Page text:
February 23, 2023
JAKARTA – With the government looking to move on from COVID-19 as cases continue to decline despite the dropping of pandemic curbs, Indonesia has begun looking for allies to lobby the World Health Organization into declaring the pandemic over.
“We are now consulting with other countries that are also looking to declare [COVID-19 as] endemic this year. [These countries] happen to be Japan and the United States,” Health Minister Budi Gunadi Sadikin said on Tuesday, as quoted by Kompas.com.
Since the government lifted its public activity restrictions (PPKM) at the tail-end of last year, the COVID-19 indicators in the country have continued to show signs of improvement. The Health Ministry told a press briefing on Monday that daily new cases fell almost 15 percent on Sunday compared with the previous week.
Other pandemic indicators, including the positivity rate, daily deaths and hospitalizations, have also declined, indicating that virus transmission and patients with severe cases remain relatively low.
The country’s daily caseload means that Indonesia averaged 0.43 new cases per million people as of Monday, according to Oxford University’s Our World in Data. This puts Indonesia below the US’ 1.78 cases per million people, and far below Japan’s 56.6 cases per million people.
Similarly, Indonesia recorded less than 0.01 deaths per million, compared with the US’ 0.2 and Japan’s 0.4.
Despite these encouraging indicators, the authority to lift the global pandemic status of coronavirus, officially known as the Public Health Emergency of International Concern (PHEIC), lies solely with the WHO.
To this end, Budi said that he would meet with WHO director general Tedros Adhanom Ghebreyesus to follow up a meeting between the ministry’s team and WHO representatives.
“[Our people] have already talked with the WHO [on declaring endemicity] once. Soon, Tedros and I will also [meet] in person,” Budi said.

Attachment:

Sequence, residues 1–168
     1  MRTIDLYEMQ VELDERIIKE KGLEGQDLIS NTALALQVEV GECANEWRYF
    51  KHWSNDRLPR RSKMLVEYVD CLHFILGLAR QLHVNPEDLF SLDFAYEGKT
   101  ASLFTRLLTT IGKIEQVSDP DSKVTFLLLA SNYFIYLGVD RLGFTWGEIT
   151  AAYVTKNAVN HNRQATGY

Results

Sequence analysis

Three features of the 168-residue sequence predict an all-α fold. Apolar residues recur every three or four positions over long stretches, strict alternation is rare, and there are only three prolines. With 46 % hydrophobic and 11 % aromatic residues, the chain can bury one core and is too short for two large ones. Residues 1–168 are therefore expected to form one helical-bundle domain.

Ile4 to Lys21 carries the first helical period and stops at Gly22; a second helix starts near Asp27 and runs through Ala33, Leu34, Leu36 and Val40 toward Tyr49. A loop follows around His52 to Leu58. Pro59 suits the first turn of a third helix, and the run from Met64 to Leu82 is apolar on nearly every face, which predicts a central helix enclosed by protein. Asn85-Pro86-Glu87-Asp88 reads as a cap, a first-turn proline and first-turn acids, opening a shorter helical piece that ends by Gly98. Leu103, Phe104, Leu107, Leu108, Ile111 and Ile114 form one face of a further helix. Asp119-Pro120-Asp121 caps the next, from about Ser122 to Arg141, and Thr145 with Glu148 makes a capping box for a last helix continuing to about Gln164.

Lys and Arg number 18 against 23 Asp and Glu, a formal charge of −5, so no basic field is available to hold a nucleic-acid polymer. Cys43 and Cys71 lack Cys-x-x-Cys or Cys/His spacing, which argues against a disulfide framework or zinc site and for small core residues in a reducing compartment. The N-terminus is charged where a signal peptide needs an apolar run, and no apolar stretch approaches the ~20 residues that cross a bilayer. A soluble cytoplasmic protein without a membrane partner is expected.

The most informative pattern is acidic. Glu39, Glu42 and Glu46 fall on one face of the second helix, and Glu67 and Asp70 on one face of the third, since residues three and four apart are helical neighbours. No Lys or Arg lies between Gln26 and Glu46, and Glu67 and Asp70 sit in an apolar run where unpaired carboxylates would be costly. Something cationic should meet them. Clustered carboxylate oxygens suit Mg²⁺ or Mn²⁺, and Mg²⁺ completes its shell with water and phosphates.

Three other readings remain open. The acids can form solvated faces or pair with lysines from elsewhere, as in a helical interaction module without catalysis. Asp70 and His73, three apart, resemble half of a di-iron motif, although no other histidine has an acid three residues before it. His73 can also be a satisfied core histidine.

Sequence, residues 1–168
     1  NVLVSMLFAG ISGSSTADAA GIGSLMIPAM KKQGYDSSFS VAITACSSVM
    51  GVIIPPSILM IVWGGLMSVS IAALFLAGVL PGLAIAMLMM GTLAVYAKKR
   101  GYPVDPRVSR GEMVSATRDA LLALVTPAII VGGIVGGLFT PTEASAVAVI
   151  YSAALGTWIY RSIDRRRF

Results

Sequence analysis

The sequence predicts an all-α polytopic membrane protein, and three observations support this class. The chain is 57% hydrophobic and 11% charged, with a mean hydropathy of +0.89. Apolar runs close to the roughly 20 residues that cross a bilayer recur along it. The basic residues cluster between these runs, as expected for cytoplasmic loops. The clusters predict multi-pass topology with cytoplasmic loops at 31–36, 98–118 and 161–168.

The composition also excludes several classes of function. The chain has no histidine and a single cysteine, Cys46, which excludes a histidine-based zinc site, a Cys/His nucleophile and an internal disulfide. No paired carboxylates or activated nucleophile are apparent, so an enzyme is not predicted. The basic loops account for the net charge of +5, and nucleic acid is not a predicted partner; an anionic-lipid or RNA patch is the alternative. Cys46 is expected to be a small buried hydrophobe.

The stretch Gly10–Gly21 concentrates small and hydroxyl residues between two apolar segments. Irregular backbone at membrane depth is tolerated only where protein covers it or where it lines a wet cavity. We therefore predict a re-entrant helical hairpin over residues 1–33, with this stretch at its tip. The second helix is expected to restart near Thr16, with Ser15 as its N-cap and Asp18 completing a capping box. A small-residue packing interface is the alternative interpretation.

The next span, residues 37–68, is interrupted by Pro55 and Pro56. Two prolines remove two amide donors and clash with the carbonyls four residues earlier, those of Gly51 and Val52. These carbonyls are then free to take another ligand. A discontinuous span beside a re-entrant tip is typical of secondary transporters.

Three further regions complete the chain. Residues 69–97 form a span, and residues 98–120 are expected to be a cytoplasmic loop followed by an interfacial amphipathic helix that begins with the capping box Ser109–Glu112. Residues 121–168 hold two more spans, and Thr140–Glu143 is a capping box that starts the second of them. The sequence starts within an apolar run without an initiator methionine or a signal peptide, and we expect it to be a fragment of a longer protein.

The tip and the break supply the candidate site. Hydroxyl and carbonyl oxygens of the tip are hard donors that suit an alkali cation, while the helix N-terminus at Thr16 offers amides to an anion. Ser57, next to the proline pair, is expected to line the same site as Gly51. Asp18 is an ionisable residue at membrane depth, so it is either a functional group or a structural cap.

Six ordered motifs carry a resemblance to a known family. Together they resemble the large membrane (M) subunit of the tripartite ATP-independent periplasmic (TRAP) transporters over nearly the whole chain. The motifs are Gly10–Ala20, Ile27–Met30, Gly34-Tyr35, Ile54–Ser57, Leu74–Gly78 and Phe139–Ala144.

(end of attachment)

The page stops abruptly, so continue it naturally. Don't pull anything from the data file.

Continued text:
Previously, during a national coordination meeting on handling COVID-19 in late January, Budi jokingly said that he wanted to lobby Tedros to declare an end to the pandemic by Aug. 17 this year. “I was planning to persuade [Tedros] to revert [the pandemic status] on Aug.17, since that falls right on Indonesia’s Independence Day. It may not work out that way, but there’s no harm [in trying],” he said at the time.
Epidemiologist Dicky Budiman of Griffith University, Australia, said that it was only a matter of months before the WHO declared the PHEIC status to be over, noting that most countries had shown encouraging signs that the pandemic was gradually getting under control.
“Within the next three months, I can see the [WHO] revoking the PHEIC status, far before [Indonesia’s] target of August, as long as things keep on going the way they are,” Dicky told The Jakarta Post on Wednesday.
While Indonesia can only wait on the WHO’s decision to revoke the PHEIC status, President Joko “Jokowi” Widodo can first revoke the country’s own health emergency status, which is still in effect, despite the lifting of all restrictions last year.
“In regards to [the pandemic’s] health emergency status in Indonesia, that must be revoked first [before the WHO declares an end to the pandemic]. What has been removed is only the PPKM system, but we are actually still in a health emergency status,” Health Ministry spokesman Mohammad Syahril said on Monday.
By revoking the country’s health emergency status, the government would shift most of its responsibility of paying for health care related to COVID-19, including hospitalization and vaccines, back to the public.
The Health Ministry recently said that the new XBB.1.5 subvariant, widely and informally dubbed as Kraken, had not caused an uptick in COVID-19 cases nationwide after the country reported its first cases late last month.